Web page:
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Old 10-03-2015, 05:18 PM   #22
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I've updated the code so that the plugin now allows for user input in order to specify number of trusses and spacing of the trusses. For example 4 trusses @ 24" o/c would give you:



The actual truss geometry cannot be altered within SketchUp it is hard coded into the plugin when it is created by the calculator. For different truss sizes and shapes it is simply a matter of creating and storing separate .rb files for them. Dropping these files into the SketchUp folder sets up the menu item. This method seems to be the easiest for interacting with the SketchUp API.
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Old 10-17-2015, 03:19 PM   #23
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Attic Trusses created in SketchUp Plugin


This is the same truss I used in my 28'x48' garage:



Now I need to work on the energy heel option for this truss as well as some additional logic for attic trusses in the following span ranges 16-24 feet and 30-36 feet.
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Old 10-20-2015, 09:04 PM   #24
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Medeek Truss Plugin - 1.0.4


Howe truss type is now active.

The latest plugin version is 1.0.4. I would highly recommend downloading the latest version since I have also spent some time this morning cleaning up my code and removing global methods and variables so that I don't clash with other extensions or modules.

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Old 10-24-2015, 05:33 PM   #25
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Scissor Trusses




Version 1.0.5 - 10.24.2015
Added Scissor truss type, configurations: (2/2), (4/4).
Metric input enabled for scissor truss types.

In certain instances the scarf length of the bottom chord becomes less than the bearing length, the logic checks for these cases and inserts either a 3.5 or 5.5 heel wedge as required.
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Old 10-24-2015, 05:54 PM   #26
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Lot of work...but not really appropriate for this board. Read the guidelines. Ron
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Old 10-29-2015, 09:02 AM   #27
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I've got gable end trusses working for king post trusses:



I haven't made this latest update live just yet as I need to update all of the other truss types to make sure it does not break anything.

The other thing I am changing is the second user prompt box that allows one to enter in the number of trusses. I have now switched to a building length and the logic spaces the trusses based on the this length and the truss on center spacing. Gable end trusses can be switch on or off. Spacing of the gable studs is another user input.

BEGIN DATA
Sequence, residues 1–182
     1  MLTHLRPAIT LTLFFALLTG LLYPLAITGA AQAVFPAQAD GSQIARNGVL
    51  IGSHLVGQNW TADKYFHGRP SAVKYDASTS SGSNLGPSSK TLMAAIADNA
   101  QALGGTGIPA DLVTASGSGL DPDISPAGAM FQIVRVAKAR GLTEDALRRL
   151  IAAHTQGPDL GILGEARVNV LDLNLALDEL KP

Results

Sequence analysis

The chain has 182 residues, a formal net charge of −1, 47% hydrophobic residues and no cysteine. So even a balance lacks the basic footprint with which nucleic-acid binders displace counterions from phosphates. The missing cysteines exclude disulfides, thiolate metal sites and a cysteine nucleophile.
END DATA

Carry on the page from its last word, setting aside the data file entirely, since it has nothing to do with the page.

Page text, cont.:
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Old 11-25-2015, 09:13 PM   #28
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Version 1.1.5 - 11.25.2015
- Added Double Fink common truss type.
- Structural outlookers (vert. & horz.) enabled under advanced roof options for Common (Double Fink) truss type.



For the DIYer a garage roof can be modeled in SketchUp within a matter or seconds. I also highly recommend the house builder plugin which is great for wall framing.

Last edited by medeek; 11-25-2015 at 09:16 PM.
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Old 11-26-2015, 11:24 PM   #29
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Any chance you read the guidelines about not pushing your own crap on the. Board?.
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Old 03-12-2016, 07:46 PM   #30
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Re: Building Garage with Engineered Trusses


Another study of hip roof framing where unequal pitches meet at the hip. The birdsmouth cut is 3.5" for all jack and common rafters. The hip rafter is dropped and off center so that it lines up with the roof planes. The hip roof combines a 12:12 pitch with a 6:12 pitch.



View model here:

https://3dwarehouse.sketchup.com/mod...b-56bc73878207

Where the pitches are unequal like this it might make more sense to use a backed hip rafter rather than a dropped hip rafter. Does anyone have any suggestions or experience dealing with hip rafters that join unequal pitches?

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Last edited by medeek; 03-12-2016 at 07:48 PM.